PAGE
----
Tuesday, May 22, 2012

Check on medical devices to ensure they are safe for public use

PUTRAJAYA (May 21, 2012): Manufacturers and importers of medical devices will soon come under the microscope as the Health Ministry moves to regulate the industry.

Under the recently gazetted Medical Device Act 2011, a Medical Devices Authority will be formed as a regulatory body to register such devices, and to monitor manufacturers and importers for quality compliance.

More than 3,000 items, including everything from thermometers, condoms, pacemakers and Magnetic Resonance Imaging (MRI) machines are expected to come under scrutiny under this Act.

Health Minister Datuk Seri Liow Tiong Lai told a press conference yesterday the Medical Devices

Authority is being set up to ensure that medical devices used by hospitals, clinics, individuals or sold by pharmacies are safe for public use.

“The authority will be set up by the end of May, and a board of directors, chaired by the health director-general, will also be established. The board is expected to conduct its first meeting by June,” Liow said.

Over the next few months, the authority will draw up subsidiary regulations in the Act.

“The regulations are scheduled to be drawn up by end-October, after which the authority will begin the registration process over a period of two years.

“Devices which fall under the medium-high or high-risk categories (see accompanying graphic) will have to register with the authority, who will ensure that the products adhere to strict standards.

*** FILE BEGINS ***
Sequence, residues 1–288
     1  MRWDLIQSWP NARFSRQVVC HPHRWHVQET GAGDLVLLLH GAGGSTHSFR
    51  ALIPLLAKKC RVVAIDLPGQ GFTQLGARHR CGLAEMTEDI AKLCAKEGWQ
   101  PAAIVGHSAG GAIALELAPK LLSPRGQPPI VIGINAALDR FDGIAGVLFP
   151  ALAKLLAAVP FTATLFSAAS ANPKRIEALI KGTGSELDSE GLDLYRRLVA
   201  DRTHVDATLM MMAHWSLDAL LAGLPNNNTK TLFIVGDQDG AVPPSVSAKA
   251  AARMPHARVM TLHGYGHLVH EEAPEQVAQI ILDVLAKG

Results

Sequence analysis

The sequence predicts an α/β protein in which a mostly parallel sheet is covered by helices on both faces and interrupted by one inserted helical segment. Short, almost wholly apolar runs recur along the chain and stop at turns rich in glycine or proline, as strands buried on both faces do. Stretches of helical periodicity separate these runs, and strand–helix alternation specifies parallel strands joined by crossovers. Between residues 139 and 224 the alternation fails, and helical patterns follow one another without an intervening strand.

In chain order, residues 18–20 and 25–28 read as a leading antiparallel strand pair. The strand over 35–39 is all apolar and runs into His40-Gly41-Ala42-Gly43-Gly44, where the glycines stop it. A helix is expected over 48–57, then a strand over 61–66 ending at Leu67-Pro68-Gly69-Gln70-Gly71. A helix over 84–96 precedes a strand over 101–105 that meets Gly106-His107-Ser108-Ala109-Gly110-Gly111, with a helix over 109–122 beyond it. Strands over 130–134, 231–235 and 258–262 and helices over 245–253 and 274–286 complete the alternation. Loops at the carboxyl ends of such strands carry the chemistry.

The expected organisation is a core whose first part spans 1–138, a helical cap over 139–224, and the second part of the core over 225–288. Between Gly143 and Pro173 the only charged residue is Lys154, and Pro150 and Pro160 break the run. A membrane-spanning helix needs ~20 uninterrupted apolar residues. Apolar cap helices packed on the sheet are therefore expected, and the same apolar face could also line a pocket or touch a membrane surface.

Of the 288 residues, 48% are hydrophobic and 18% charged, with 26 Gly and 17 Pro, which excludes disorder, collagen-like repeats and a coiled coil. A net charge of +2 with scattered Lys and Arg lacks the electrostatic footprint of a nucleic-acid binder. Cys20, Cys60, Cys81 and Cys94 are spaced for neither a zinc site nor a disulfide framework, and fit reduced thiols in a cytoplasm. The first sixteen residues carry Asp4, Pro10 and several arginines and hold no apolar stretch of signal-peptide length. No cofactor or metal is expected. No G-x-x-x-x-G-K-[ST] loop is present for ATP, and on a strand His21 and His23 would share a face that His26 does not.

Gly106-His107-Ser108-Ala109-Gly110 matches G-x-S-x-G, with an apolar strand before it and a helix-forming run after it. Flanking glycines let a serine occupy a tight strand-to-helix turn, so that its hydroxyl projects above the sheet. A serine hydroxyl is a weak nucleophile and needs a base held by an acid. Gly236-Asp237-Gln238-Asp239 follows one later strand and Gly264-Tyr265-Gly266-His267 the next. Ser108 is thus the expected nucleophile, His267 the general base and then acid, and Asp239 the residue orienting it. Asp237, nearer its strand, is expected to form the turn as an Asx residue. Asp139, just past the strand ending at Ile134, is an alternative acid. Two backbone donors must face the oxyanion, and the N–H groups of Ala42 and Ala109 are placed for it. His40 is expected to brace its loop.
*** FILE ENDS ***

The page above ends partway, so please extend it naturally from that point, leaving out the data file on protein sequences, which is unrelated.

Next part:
“This way, we will no longer allow fly-by-night or sub-standard manufacturers to put their products on the market,” Liow said.

The minister was speaking after a National Key Economic Area (NKEA) for healthcare steering committee meeting at the ministry yesterday.

Makers or importers who refuse to register after the two-year period is over will face a maximum penalty of RM200,000 fine or three years imprisonment, or both.

Liow said devices that are marketed with false claims on medical efficacy will also be pulled off the shelves.

“If a device is claimed to treat diabetes or high-blood pressure without proper clinical proof, they will not be allowed to register with the authority (and hence won’t be allowed for sale),” he said.

Medical devices are defined under the Act as any instrument, implant, in-vitro reagent or calibrator, software, or material intended by the manufacturer to be used, alone or in combination, for the purpose of:

>> diagnosis, prevention, monitoring, treatment of disease or injury.
>> of investigation, replacement or modification or support of the anatomy or a physiological process
>> disinfection of a medical device
>> control of conception
>> or support or sustainment of life.

Pills, drugs, serums or vaccines are not considered medical devices.

Liow, however, said that retailers of medical devices or individual users do not need to register with the authority.

When approached after the press conference, Health Ministry Medical Device Control Division director Zamane Abdul Rahman said a website is being developed for manufacturers to register their devices online, as well as for users and retailers to check for devices which are blacklisted or not registered to the authority.